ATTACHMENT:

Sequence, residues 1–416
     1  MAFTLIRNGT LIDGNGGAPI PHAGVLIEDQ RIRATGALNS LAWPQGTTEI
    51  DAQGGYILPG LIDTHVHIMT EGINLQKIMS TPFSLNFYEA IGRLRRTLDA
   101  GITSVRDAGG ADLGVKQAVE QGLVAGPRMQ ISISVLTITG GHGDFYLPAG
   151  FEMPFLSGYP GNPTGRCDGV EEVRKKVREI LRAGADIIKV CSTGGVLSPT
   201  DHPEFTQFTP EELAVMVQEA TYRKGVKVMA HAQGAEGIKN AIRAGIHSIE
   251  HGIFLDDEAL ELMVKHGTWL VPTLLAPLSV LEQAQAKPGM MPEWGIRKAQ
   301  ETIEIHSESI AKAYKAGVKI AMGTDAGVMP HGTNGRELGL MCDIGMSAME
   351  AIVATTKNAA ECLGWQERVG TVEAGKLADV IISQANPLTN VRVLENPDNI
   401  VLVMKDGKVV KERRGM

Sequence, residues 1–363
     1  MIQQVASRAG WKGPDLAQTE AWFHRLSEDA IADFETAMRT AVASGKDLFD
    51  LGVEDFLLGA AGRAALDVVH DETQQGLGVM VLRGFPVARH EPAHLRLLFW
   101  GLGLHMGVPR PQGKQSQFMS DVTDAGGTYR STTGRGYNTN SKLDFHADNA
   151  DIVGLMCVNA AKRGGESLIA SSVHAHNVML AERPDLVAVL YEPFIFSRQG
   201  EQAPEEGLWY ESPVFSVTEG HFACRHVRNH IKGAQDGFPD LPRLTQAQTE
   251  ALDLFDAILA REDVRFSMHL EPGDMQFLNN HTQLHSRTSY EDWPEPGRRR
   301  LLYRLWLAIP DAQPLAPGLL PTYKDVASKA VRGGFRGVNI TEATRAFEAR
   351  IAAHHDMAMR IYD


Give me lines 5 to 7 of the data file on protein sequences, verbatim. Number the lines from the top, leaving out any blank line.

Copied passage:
   151  FEMPFLSGYP GNPTGRCDGV EEVRKKVREI LRAGADIIKV CSTGGVLSPT
   201  DHPEFTQFTP EELAVMVQEA TYRKGVKVMA HAQGAEGIKN AIRAGIHSIE
   251  HGIFLDDEAL ELMVKHGTWL VPTLLAPLSV LEQAQAKPGM MPEWGIRKAQ